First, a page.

By Light Alone Paperback – 18 Aug 2011
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"Should have won the 2009 Booker Prize." Kim Stanley Robinson, author, "Red Mars," on "Yellow Blue Tibia""
In the future hunger is a thing of the past. Unless you choose to be hungry. The new novel from the 'enfant terrible of British SF' (GUARDIAN).See all Product Description
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Top Customer Reviews
By Light Alone is Adam Roberts' eleventh novel. On the surface it's the story of a young girl who is kidnapped, returns home, and whose return serves as the catalyst for significant changes in her family life. But this is only a very shallow reading of the text. As the narrative continues, it becomes clear that there are a lot of different things going on, and periodically the text switches to a new POV and rewinds in time to provide a fresh perspective on events we have already seen. The main characters - Leah and her parents, George and Marie - are all somewhat unreliable narrators and finding the inconsistencies between their accounts of the same event is a fascinating exercise in itself.
The central SF element - the photosynthetic hair - is a Maguffin that sets up a world in which poor people no longer need to work to eat, resulting in a mounting overpopulation and unemployment crisis that threatens the lives of the rich and powerful. Roberts explores the ramifications of this well-meaning development through its impact on society and how that affects the central characters.Read more ›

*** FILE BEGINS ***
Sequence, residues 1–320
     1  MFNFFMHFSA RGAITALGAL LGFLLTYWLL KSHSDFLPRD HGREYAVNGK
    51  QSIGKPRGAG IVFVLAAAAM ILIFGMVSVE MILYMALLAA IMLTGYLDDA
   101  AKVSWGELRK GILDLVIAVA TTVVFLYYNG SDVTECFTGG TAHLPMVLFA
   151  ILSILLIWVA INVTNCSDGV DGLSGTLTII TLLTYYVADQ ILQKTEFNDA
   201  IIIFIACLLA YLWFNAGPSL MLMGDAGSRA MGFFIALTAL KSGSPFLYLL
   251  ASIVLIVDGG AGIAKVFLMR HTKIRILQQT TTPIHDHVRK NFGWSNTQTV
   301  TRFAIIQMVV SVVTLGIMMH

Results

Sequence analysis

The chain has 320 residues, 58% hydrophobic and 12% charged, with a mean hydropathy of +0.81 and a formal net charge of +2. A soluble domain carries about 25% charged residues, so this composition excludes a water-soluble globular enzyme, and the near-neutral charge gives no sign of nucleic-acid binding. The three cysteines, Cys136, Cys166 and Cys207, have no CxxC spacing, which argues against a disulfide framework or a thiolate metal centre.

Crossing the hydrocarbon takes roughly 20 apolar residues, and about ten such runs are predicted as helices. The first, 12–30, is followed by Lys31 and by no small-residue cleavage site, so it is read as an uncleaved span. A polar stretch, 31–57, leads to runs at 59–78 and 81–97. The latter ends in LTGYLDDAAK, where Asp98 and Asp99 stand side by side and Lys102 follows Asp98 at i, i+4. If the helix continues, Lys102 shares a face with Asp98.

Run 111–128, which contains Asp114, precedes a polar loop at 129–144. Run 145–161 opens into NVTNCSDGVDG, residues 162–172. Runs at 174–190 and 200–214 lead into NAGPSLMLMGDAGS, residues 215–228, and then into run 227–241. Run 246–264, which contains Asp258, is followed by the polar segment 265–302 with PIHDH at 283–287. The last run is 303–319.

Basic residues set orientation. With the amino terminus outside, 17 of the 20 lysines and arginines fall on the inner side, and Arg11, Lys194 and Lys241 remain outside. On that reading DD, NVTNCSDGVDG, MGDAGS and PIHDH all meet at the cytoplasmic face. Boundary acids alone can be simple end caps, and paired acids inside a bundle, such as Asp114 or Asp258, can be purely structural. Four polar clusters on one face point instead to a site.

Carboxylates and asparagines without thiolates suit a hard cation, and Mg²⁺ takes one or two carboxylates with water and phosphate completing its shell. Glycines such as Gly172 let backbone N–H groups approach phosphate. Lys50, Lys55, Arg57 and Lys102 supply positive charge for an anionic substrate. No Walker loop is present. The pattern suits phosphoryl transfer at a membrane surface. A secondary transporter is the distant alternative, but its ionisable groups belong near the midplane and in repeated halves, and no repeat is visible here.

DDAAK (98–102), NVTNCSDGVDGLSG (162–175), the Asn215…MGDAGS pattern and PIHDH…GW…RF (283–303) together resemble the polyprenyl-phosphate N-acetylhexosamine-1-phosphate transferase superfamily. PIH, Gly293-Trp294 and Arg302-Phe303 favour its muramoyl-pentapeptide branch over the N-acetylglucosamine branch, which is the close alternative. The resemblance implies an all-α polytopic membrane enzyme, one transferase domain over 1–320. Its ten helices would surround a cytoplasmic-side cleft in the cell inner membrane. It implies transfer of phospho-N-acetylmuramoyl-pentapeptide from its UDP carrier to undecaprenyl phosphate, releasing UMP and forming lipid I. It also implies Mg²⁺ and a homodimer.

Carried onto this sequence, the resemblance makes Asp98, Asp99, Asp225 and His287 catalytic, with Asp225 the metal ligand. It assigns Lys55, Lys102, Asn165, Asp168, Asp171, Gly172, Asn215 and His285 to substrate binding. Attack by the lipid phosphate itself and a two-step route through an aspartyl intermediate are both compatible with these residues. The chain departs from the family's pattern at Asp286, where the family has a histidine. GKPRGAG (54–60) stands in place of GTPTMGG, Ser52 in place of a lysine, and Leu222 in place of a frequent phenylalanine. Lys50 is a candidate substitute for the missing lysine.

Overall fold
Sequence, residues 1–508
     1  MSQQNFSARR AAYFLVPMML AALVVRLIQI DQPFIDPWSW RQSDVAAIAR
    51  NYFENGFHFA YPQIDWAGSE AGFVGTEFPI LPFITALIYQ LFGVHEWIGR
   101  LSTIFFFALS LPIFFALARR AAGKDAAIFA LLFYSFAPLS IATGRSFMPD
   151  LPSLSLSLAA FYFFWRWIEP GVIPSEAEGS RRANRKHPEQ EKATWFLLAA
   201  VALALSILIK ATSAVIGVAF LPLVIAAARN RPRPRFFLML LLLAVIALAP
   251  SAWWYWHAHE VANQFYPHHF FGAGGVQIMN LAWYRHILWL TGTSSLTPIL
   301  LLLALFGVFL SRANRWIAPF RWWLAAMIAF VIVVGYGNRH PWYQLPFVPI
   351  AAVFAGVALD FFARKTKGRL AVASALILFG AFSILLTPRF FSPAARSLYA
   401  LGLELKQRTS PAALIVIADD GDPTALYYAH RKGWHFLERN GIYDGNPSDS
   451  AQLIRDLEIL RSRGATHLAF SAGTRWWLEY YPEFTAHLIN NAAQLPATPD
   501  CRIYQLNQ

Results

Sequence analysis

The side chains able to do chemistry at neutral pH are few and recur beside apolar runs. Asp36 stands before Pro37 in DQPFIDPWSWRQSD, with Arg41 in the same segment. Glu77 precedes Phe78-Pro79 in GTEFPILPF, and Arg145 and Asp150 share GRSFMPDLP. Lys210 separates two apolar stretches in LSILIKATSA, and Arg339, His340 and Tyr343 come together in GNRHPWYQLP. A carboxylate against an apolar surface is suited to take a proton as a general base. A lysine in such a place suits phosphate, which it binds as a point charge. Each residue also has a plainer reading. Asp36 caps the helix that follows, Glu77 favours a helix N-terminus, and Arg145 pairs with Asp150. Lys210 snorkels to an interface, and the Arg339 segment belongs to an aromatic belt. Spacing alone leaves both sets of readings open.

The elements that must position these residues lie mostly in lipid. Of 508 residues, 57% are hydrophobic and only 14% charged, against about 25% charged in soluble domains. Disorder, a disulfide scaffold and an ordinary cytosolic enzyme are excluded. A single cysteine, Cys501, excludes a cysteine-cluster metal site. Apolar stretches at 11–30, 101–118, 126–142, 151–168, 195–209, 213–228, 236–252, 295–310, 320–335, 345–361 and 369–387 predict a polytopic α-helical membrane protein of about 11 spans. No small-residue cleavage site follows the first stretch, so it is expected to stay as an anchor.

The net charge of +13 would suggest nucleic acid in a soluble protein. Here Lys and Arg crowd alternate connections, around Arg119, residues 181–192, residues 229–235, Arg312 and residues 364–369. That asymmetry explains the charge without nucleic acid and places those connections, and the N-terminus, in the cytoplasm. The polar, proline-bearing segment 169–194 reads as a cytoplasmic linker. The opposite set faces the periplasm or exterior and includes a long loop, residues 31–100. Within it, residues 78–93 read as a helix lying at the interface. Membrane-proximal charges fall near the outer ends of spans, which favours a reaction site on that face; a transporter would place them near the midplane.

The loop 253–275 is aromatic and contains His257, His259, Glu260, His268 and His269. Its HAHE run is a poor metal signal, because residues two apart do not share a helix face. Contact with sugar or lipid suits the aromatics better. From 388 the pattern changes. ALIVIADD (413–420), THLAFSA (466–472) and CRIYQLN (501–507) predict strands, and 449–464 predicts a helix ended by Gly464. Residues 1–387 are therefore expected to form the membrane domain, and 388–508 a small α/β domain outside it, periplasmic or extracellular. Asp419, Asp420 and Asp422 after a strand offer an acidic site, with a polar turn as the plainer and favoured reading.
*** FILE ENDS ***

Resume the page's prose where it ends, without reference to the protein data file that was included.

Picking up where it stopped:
By this simple invention (and a single act of 'suspension of disbelief') Roberts recasts our contemporary world. The rich are even richer; a super-rich 'stateless elite' who have less and less in common, have less and less empathy with, the vast bulk of humanity. Just maintaining an interest in current affairs is considered rather distasteful. Those in the squeezed middle are yet more stressed and terrified of falling - made up of an increasingly obsequious professional class, a hard-pressed and terrified bourgeoisie ('jobsuckers' as they are disdainfully referred to by the super-rich) . The poor are truly, absolutely poor. Previously, it was necessary to give the poor some few pennies to keep body and soul together. Now, there's no need to even do this. A little water, a few grubs and insects and a sunny day is all this lumpenproletariat needs. Meanwhile, the super-rich breakfast in New York, fly by ramjet to dine in London and ski on Mount Ararat.
So that's the basic premise. It is, like the previous 'New Model Army' and others, overtly political. It is wickedly, almost grossly, satirical - which means that, really, there are hardly any endearing characters. But there are some really interesting ideas.Read more ›